4 4 PARTNERS Leveraging the Power of Partnerships Inviting new audiences to experience Chautauqua is not just the task of the Institution s marketing staff. Establishing relationships with peer organizations and their followers is a tremendous opportunity for expanding Chautauqua s reach and program content. Recent collaborators include Sesame Workshop, George Eastman House, Colonial Williamsburg and the International Spy Museum. The 2016 season has two prime examples of the power of partnerships to stimulate and challenge new and returning Chautauquans. In Week Five, longstanding and popular partner National Geographic helps Chautauquans consider our relationship with the natural environment 50 years after environmentalism became a movement and 100 years after the founding of the National Park Service. Are we out of touch with nature? How has public policy changed in connection with preservation? What are we losing? Speakers confirmed for Week Five include National Geographic photographer Joel Sartore, journalist Bryan Christy, and Nalini Nadkarni, director of the Center for Science and Math Education at University of Utah. Since 2009, Chautauqua Institution has partnered with National Geographic for weeks on Exploring Our World, Water Matters, and Feeding a Hungry Planet. Staff from both organizations work together to craft an overall theme for the week, identify speakers for the Amphitheater lecture platform and program master classes and other special events. Global Reputations The best program partnerships bring credibility and clear expectations to the week, says Matt Ewalt, Associate Director of Education and Youth Services. With a global reputation for excellence in journalism and education, National Geographic shares Chautauqua s commitment to lifelong learning and civic engagement. But with that depth and substance also comes the promise of an exhilarating week in the Amp, driven by compelling stories of exploration and complemented by breathtaking photography. Expanding Audiences Chautauqua staff is also leveraging the power of partnerships for Week Nine of the 2016 season, in an effort to reach new audiences while also taking advantage of the availability of additional venues on the grounds. Planning for a week on America s Music with Wynton Marsalis and Jazz at Lincoln Center began with historian and Chautauqua lecturer Geoffrey Ward, who saw the common educational mission between the two organizations and brought the idea to Sherra Babcock, Vice President and Emily and Richard Smucker Chair for Education, and President Tom Becker. In a week that has the potential to draw the greatest percentage of newcomers to the grounds, Chautauqua and Jazz at Lincoln Center offer a robust demonstration of the Institution s unique mix of arts, educational and religious programming. Musicians from Jazz at Lincoln Center will be in residence the entire week, offering performances and special workshops. In addition, on Wednesday evening, Garth Fagan Dance, a company from Rochester that has worked with Marsalis many times, will make its Chautauqua debut. The week s morning lecture platform opens with Marsalis on Monday and Ward on Tuesday, while the Department of Religion s Interfaith Lecture Series spends the week exploring America s Spiritual Songbook. Jazz at Lincoln Center Orchestra (JLCO) will play prominently into the week s art offerings, beginning with the Logan Chamber Music Series performance on Monday at 5 p.m. Marsalis has again chosen A T ALE O F T WO T ALENTS: STEVEN S LAFF J OINS P ROGRA Like so many aspiring young musicians, Steven Slaff a promising French horn player from Oberlin College applied to Chautauqua s Schools of Fine & Performing Arts in 2005 to join the Music School Festival Orchestra (MSFO). He was ecstatic when he was accepted and had a fantastic experience that summer. Slaff went on to complete his conservatory studies at Oberlin in 2006, and jumped wholeheartedly into the master s program in music at the University of Miami. In addition to his degree work, Slaff also served as stage manager for the university orchestra. Degree in hand, Slaff began swimming upstream, freelancing for nearly three years as a music supervisor, collaborator, arranger and performer living a life immersed in the classical music industry. I have an analytical, logistical and detail-oriented mind and have always enjoyed diving into the details of processes and operations, Slaff says. Finding himself at home backstage, he soon became the production coordinator for Bargemusic, an extraordinary floating concert hall moored under the Brooklyn Bridge that presents more than 200 concerts a year. There, Slaff says he learned to do a little bit of everything, including managing the concert hall and performances. The Aspen Music Festival and School noticed Slaff s talents and invited him to work in artistic operations at the prestigious festival, where he handled logistics for soloists and conductors, oversaw artistic budgets, managed the complex schedule and created a positive Aspen experience for the artists. Meanwhile, Deborah Sunya Moore, Chautauqua s new Vice President and Director of Programming, had an idea: What if the program department had both an artistic director (herself) and someone whose job was to focus primarily on operational details? The latter would be charged with maintaining a master schedule for all performing arts venues, while also synthesizing and helping manage the budgets and processes across arts programs of the Institution. And, Moore reasoned, why shouldn t Chautauqua also take advantage of new computer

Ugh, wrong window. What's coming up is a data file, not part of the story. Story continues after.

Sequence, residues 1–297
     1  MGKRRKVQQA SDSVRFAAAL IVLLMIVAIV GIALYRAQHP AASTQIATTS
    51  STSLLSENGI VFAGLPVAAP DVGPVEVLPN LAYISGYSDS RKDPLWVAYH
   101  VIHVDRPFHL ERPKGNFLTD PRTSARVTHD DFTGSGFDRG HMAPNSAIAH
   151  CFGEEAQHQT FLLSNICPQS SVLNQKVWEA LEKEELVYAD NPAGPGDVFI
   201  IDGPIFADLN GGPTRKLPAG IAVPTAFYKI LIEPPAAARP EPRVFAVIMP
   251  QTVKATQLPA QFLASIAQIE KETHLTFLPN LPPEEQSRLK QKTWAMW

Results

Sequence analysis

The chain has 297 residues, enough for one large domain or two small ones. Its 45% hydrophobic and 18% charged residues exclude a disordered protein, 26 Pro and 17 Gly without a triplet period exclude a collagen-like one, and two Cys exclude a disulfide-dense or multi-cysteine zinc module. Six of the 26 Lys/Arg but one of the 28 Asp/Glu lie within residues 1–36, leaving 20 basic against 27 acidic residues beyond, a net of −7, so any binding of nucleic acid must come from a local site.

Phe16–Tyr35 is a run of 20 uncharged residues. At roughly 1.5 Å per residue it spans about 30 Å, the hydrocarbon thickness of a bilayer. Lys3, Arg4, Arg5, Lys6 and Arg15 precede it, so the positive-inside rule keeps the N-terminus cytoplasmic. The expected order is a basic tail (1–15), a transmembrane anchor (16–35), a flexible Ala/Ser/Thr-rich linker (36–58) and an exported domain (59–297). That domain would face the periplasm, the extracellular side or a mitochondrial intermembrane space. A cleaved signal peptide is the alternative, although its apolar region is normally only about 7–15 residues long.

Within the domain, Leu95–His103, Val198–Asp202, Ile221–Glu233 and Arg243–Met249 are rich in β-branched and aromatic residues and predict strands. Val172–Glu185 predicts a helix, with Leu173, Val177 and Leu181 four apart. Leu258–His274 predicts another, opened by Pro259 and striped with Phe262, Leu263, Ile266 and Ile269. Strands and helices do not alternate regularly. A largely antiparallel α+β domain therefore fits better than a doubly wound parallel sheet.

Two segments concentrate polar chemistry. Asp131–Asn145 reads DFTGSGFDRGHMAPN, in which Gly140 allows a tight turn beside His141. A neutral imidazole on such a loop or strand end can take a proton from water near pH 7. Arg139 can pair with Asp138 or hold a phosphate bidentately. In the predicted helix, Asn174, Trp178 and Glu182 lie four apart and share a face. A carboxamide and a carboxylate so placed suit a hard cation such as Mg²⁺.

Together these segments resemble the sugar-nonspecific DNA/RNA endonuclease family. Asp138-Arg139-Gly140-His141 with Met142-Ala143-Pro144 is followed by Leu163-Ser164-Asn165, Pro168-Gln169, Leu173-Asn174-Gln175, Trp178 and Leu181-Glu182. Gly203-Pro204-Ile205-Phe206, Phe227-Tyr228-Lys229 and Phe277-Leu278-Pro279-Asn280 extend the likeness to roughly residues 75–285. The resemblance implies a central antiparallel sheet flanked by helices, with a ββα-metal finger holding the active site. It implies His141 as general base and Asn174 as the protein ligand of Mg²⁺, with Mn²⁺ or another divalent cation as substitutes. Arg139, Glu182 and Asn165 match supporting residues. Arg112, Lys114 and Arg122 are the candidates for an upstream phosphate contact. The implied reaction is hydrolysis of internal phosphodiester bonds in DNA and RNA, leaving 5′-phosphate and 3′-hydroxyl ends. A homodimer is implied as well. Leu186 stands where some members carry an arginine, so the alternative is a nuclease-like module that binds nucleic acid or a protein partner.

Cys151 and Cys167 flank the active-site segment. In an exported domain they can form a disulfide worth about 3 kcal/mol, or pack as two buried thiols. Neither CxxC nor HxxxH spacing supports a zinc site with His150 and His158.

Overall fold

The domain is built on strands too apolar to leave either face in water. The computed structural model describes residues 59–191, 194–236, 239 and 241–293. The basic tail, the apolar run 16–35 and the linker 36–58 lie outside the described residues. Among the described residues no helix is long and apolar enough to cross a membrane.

5 PARTNERS 5 Jazz at Lincoln Center Orchestra Submitted Photo Dennis Dimick and Jim Richardson from National Geographic to do a preview performance of a brand new composition with the Chautauqua Symphony Orchestra. Chautauquans were the first people to hear Marsalis violin concerto in 2015 and they will again be the first to hear Marsalis newest work in This work, for JLCO and full symphony orchestra, will be performed on Tuesday evening and was commissioned by the New York Philharmonic for the world premiere to occur in Thursday evening boasts JLCO with Wynton Marsalis and Friday showcases a gospel celebration. Photo: Kreable Young Marsalis Abyssinian Mass, composed for the 100th anniversary of the historic Harlem congregation led by Pastor Calvin O. Butts, will be performed on Friday night with Marsalis, JLCO, the 70-person Chorale Le Chateau, conductor Damien Sneed, and Rev. Butts narrating. All were participants in the original performance at the church in I can t think of any other group who could present a week like this except Jazz at Lincoln Center, says Chautauqua s Vice President and Director of Programming Deborah Sunya Moore. We are so fortunate. Wynton Marsalis is not just one of the country s leading musicians, but he is also one of our top music educators. This week represents our commitment to engage more audiences, invite more diversity, teach young people in the local community, and especially to reach out to regional churches through the contacts that Robert Franklin has already made to share in this important celebration of American music. Building Relationships Maintaining relationships with program partners and pursuing opportunities for new ones is critical to Chautauqua s planning efforts, particularly in the early stages of developing weekly lecture themes. Planning for the 2017 season is well underway, with staff having identified opportunities for gauging the interest of existing and potential partners. New partnerships are often forged by building upon already existing relationships, following a memorable lecture on the Amphitheater stage by an individual, such as Ken Burns and Dan Ariely, or the leader of an organization. Building a week for 2017 with a partnership already in place allows us to go into the 2016 season with a theme that tells a clear and compelling story, even without the names of lecturers in place, says Ewalt. Going forward, we have the partner s expertise and resources to help guide our programming, and we can pursue opportunities for reaching new audiences more familiar with that partner s work. RAMMING S TAFF technology to coordinate the volume and breadth of events taking place on any given day during the season? And so it is that Steven Slaff has come back to Chautauqua, where he is now the Managing Director of Performing and Visual Arts a new position for the Institution. Moore s desire for such a position grew out of the need for her to focus on vision work, new initiatives and long-range artistic planning. Every organization has its major times of transition and it is that time for Chautauqua. In addition to overseeing four companies, visual arts, festival schools, popular music and more, I am also currently focusing on new arts education programs. Moore s arrival coincided with the transition of four out of five artistic directors over two years. While I greatly enjoy this work to shape and mold the arts she adds, the need for someone with the ability to simultaneously grow our operational and administrative processes was clear. I was looking for someone who could think critically about our current administrative processes and evolve them. It turns out I was looking for Steve! Was Marty Merkley really two people? Slaff asks, grinning. The sheer amount of things that he could get done was incredible, but by my taking on the logistical matters, Deborah will be freed up to focus her time and energy on artistic planning and additional programming innovations. During Slaff s interview for this position, he and Moore were both pleasantly surprised at the complementary nature of the individual gifts they bring to their work. They already share a connection to Oberlin as undergraduates and to the Chautauqua experience as musicians. When I came to the grounds as a candidate for this job, says Slaff, it was a thrill to see the places I remembered so vividly from my time here with the MSFO the inside of the Amp and all the various performance spaces. I remember so many late nights out among the practice shacks, opening my window and playing a brass fanfare to someone in the next shack. Slaff also noticed changes at Chautauqua. The Institution seems fresher the new buildings and concert spaces are amazing, he says. Fletcher didn t exist when I was here before. Of course, Bellinger is the same I never could remember how to navigate all those twists and turns.